So, I guess I'd suggest to really take a look at how you're relating to people, whether you're being too distant, or too eager, and try to adjust things a bit. (It's really hard, I know.)

Also, I think many potential relationships just tend to fizzle out for whatever reason; people have a lot going on in their lives, they have different priorities, and friendships just naturally come and go unless you make a point of keeping in touch. It doesn't necessarily have anything to do with you personally.

Don't try to act like a jerk in order to get noticed more. Those people may seem to have a lot of friends, but I bet their relationships are pretty shallow. Just be yourself, with all your compassion and humanity. I can guarantee there are many people out there who find these qualities appealing.

You mention volunteering ... keep doing that. I try to have at least one volunteer activity going on in my life, and then you can at least tell yourself that you're doing something worthwhile, something to help people. That's really an admirable thing. Pick something that you can really be passionate about ... maybe something to help other lonely people? Like maybe bringing meals and running errands for homebound seniors?

Gosh, I wish I had better advice for you, but I haven't figured these things out myself, so all I can say is, don't give up hope. Keep trying, even if it really seems to suck sometimes. Keep traveling and volunteering, stay compassionate and kind, and your life will be worthwhile.

Feel free to memail me if it would help.
posted by phoenix_rising at 7:58 PM on November 28, 2011 [2 favorites]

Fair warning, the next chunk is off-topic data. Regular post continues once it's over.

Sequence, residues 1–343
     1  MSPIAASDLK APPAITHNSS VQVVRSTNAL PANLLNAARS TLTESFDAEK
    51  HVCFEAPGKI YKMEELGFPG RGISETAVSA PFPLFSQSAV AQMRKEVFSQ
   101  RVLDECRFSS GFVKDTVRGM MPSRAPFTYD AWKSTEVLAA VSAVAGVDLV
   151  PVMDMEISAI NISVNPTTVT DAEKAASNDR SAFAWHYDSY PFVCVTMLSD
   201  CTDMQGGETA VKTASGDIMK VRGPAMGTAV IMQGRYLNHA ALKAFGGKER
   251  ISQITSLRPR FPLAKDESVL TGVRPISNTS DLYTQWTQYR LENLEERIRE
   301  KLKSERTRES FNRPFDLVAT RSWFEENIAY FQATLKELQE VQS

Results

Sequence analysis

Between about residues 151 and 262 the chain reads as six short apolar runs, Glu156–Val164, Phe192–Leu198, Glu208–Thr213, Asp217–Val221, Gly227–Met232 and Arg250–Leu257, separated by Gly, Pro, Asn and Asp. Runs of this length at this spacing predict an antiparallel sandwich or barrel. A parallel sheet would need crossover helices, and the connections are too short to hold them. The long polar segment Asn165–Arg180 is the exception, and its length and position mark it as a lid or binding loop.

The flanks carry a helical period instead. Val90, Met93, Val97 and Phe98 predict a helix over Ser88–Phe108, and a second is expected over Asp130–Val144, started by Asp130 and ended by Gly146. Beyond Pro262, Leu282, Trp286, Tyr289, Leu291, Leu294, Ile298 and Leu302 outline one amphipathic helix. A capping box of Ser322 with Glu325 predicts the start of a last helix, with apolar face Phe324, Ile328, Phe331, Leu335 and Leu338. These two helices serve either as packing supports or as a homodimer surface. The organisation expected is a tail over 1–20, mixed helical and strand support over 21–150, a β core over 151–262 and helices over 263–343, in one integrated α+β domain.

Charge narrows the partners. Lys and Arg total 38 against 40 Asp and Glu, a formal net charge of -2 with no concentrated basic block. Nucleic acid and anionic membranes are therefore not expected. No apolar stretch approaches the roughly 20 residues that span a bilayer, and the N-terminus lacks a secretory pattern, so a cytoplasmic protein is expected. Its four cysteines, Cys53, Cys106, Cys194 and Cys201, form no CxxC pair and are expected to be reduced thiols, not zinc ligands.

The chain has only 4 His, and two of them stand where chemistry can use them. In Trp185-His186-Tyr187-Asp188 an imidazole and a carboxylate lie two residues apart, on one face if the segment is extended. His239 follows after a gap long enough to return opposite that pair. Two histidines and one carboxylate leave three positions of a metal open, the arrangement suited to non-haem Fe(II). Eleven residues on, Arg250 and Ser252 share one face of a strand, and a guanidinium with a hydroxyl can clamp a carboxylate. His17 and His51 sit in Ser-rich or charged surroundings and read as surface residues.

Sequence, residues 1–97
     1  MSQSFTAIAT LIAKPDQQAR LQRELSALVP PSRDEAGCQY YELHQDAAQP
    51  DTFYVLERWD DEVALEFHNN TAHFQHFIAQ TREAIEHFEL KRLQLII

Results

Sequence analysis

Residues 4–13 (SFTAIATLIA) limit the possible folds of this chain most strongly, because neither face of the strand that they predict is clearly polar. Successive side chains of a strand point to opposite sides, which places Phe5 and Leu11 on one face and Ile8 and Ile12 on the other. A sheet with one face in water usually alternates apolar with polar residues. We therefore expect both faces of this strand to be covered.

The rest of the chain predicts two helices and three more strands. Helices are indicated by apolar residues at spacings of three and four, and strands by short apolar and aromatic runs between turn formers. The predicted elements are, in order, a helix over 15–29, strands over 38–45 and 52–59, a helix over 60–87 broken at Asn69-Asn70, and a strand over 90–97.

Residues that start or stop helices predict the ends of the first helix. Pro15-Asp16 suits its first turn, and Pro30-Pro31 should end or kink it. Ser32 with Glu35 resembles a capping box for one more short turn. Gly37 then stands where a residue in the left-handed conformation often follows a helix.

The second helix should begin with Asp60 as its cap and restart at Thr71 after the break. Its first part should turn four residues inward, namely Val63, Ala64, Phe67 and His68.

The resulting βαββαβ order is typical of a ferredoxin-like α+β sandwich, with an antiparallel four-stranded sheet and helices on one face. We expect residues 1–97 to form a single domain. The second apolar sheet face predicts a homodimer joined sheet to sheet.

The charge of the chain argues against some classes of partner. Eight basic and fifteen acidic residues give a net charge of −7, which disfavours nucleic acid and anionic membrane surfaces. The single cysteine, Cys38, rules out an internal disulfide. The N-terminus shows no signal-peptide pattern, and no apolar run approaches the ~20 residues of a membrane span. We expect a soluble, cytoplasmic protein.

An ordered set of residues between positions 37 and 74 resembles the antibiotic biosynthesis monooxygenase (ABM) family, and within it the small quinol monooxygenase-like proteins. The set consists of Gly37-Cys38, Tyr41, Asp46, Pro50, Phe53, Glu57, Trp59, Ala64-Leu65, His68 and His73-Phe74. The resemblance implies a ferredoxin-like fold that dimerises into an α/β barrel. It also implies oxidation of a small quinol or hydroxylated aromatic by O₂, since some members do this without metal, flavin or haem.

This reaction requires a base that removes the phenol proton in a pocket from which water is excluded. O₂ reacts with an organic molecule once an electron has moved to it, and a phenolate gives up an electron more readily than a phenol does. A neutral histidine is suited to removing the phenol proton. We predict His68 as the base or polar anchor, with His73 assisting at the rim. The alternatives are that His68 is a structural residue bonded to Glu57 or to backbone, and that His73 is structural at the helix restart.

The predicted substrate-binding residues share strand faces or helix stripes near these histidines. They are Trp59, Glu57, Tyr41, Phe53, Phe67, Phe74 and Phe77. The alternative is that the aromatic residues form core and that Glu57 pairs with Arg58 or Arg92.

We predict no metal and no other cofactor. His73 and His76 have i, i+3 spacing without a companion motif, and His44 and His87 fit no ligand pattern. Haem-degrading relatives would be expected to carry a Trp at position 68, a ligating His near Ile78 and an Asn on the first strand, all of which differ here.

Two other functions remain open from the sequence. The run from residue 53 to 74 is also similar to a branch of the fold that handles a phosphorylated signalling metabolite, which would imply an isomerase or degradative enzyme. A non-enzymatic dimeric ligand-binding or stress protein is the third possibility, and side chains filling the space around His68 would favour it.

BTW, no one befriends a jerk BECAUSE they're a jerk. The person must have some redeeming quality you don't see. So trying to gain friends by becoming a jerk won't work by definition.
posted by desjardins at 9:08 PM on November 28, 2011

Yes, I know what you're writing about.

griselda's advice is really great. Give it some attention.

It's not about self absorption, but displaying both self sufficiency and interest in others. It's a tricky balance.

I do think there are people with obnoxious personalities who offer little that are also socially connected. One of the foundations of friendship is shared experience. People will frequently forgive a lot if they have a shared history with someone. The tighter the community the more this holds. Since it sounds like you've moved around some and you don't have a supportive family, this handicaps you, but keeping this in mind can make it easier to release any jealousy you may feel towards those who have both unattractive personalities and friends.

I've moved around a good bit and I've had trouble bringing others into my life. There are several people at my current job that I now consider friends and who I see socially outside of work but it took years for that to develop. The older you are and the more reclusive your nature, the longer it takes. Stay optimistic. Keep showing up in the same place. If there's a secret to friendship, that's it. When people both expect to see you at a certain time and place and you're friendly but not needy, they'll warm up to you. I'm not thinking regular at a bar or coffee shop or sitting on a bench at a park, more like a long term member of a woodworking group.

Keep showing up.
posted by BigSky at 8:19 AM on November 29, 2011